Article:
A couple of years ago, Mary and I decided to take a long walk together, because there were some unspoken conversations hovering around us that just needed to land. I think we walked for six miles. We walked because coffee shops are too loud, and frankly, I’m better when I’m moving. Maybe Mary’s penetrating gaze threatens me, or maybe the right things move around inside of me when my outsides are also moving. Either way, I’m better when I’m moving.
By mile five, we both said and heard some very difficult things, but I was feeling OK. I was open and soft. I was ready to listen. I was even a little upbeat. But then she said it. I think I stopped walking. Or maybe I walked faster. I honestly can’t remember.
She looked at me and said, “Honey, now I have to say the really hard thing.”
“You are treating me as if I’m what’s wrong with this relationship.”
She said that I was acting as if what our relationship needed most was for her to change. She asked me to be honest, and to tell her if that was true. Immediately, all of my familiar defenses became fog that threatened the landing that we so desperately needed.
But in the moment, I knew she was right. I knew that what she said was true, and it had hurt her. The fog cleared.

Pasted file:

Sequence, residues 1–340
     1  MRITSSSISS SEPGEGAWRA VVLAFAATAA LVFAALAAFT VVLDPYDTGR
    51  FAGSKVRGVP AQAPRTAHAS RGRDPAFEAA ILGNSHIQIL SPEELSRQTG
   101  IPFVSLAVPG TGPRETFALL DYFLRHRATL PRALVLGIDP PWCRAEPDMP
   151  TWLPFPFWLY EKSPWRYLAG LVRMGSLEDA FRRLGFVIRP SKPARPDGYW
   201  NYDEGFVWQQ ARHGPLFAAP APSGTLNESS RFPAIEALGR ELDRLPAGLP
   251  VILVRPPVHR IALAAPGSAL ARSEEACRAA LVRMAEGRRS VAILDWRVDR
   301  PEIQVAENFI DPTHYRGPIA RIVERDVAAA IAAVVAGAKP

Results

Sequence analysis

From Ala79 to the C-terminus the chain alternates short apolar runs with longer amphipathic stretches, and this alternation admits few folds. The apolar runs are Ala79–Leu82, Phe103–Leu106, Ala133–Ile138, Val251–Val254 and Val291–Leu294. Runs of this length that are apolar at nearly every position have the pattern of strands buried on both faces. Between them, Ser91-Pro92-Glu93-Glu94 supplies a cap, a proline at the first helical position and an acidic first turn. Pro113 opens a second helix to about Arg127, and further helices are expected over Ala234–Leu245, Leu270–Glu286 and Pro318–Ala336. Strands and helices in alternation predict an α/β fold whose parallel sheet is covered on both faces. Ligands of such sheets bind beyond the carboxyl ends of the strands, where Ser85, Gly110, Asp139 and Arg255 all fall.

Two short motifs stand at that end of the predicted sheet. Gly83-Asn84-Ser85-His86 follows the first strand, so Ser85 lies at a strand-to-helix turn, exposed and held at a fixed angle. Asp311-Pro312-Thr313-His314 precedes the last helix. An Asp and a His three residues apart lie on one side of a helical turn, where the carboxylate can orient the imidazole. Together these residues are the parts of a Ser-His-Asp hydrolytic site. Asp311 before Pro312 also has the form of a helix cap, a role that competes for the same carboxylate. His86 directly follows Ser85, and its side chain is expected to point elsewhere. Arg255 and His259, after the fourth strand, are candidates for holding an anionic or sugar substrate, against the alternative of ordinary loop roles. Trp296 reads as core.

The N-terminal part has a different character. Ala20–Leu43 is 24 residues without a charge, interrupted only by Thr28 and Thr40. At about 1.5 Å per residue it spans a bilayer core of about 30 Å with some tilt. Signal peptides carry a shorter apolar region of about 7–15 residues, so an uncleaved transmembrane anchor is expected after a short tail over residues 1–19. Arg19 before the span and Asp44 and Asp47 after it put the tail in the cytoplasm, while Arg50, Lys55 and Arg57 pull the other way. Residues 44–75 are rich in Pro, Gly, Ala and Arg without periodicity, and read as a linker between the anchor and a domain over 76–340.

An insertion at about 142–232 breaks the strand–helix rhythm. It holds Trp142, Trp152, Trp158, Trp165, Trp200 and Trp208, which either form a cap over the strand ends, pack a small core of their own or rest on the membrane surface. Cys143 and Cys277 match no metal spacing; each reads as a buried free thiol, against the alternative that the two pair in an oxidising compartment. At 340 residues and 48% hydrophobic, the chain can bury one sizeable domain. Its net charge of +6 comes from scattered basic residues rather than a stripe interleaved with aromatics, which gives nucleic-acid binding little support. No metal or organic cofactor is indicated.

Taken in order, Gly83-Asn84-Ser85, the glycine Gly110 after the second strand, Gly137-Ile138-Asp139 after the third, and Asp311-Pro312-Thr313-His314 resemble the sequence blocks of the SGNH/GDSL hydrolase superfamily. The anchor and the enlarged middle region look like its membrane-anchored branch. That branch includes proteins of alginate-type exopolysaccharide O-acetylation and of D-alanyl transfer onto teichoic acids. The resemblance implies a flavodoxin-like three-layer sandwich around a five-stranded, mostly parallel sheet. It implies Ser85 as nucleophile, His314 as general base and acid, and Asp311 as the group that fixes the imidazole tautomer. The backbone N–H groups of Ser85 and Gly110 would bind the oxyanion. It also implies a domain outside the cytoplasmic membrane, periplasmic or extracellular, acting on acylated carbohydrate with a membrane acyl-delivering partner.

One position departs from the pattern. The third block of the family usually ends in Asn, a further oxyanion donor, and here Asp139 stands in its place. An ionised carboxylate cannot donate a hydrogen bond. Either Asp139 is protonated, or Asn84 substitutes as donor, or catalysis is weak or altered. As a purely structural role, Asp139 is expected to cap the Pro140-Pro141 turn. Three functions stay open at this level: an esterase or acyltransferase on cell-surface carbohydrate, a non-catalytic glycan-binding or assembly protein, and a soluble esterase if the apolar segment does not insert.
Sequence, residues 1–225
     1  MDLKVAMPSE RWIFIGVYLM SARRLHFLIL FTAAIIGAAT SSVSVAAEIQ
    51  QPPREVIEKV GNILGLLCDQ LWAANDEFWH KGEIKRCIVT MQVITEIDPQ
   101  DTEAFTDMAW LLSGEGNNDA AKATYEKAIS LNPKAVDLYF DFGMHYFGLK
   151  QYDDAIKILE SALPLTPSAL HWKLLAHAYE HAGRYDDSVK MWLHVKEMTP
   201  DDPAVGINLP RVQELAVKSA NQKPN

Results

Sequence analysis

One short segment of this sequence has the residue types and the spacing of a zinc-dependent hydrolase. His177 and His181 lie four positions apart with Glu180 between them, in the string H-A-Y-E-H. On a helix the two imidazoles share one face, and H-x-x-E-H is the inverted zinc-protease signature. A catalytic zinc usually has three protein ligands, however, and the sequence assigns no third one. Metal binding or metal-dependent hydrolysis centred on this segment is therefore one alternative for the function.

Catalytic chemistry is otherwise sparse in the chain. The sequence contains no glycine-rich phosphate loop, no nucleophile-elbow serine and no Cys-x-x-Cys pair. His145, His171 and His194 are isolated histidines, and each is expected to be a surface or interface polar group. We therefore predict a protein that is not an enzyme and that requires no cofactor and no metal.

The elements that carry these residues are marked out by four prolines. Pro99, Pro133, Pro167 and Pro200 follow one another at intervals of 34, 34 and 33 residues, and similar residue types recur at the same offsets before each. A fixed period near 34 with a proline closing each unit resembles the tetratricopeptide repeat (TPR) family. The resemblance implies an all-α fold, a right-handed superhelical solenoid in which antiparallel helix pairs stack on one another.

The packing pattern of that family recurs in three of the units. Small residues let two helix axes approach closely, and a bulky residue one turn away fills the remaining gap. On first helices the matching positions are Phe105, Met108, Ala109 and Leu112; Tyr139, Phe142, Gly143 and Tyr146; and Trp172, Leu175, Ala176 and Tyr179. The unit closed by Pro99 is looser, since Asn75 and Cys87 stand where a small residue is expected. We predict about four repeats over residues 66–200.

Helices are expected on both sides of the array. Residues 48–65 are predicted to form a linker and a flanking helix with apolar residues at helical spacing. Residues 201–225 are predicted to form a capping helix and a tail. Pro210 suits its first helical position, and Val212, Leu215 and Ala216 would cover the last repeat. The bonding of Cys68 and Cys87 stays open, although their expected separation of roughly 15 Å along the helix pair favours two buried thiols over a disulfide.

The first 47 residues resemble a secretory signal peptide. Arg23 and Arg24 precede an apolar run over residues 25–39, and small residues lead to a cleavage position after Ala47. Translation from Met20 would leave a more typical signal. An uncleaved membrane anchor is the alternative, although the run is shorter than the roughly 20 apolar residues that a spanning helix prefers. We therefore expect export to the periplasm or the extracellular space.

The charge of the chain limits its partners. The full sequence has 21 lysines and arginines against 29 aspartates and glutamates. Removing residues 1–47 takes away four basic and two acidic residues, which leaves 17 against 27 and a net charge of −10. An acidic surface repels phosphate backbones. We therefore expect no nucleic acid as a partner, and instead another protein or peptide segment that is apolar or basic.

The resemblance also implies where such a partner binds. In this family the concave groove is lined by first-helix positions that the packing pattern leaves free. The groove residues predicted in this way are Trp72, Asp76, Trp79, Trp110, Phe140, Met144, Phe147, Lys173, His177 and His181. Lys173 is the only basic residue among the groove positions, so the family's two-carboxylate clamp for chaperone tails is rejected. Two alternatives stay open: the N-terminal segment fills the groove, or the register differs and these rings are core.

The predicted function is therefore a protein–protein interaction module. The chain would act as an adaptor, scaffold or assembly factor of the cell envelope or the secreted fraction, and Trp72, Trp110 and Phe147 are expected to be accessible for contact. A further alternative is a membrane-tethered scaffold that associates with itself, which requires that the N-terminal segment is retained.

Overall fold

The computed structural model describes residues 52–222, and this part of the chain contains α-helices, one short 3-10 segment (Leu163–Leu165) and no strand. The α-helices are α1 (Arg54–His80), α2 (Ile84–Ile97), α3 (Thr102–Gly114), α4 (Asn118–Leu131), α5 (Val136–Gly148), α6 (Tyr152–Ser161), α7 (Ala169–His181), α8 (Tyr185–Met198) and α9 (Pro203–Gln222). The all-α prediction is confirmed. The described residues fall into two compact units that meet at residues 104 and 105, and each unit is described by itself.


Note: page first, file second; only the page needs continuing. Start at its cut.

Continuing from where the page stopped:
I looked at her and said, “You’re right. I believed that it was about you, and that isn’t fair. I’m so sorry.” I really was sorry. I actually felt sick.
That conversation was hard, but what followed was maybe harder. I began to see that living with me felt like being under pressure. I set up elaborate but unspoken rules about when it was OK to talk about certain things, and when it wasn’t. Even though I’m good at problem solving, sometimes my solutions were bandaids that didn’t help, and I offered them just so we could be done talking about whatever it was that I wanted to be done talking about. And I wasn’t listening well. I hurried Mary and sometimes even ignored her.
Change is only possible when you see reality for what it actually is. And I began to see the things in me that really needed to change.
The Lent season is an invitation to admit. To confess. To stop covering it up and finally say, “I did it.” And then to begin the slow process of change.
What needs uncovering in your life? What would it look like to be raw and real about it, instead of hiding it away? What would it mean to really face it, invite God into it, and see what happens?
“Then I acknowledged my sin to you and did not cover up my iniquity. I said, “I will confess my transgressions to the Lord.” And you forgave the guilt of my sin.” Psalm 32:5 (TNIV)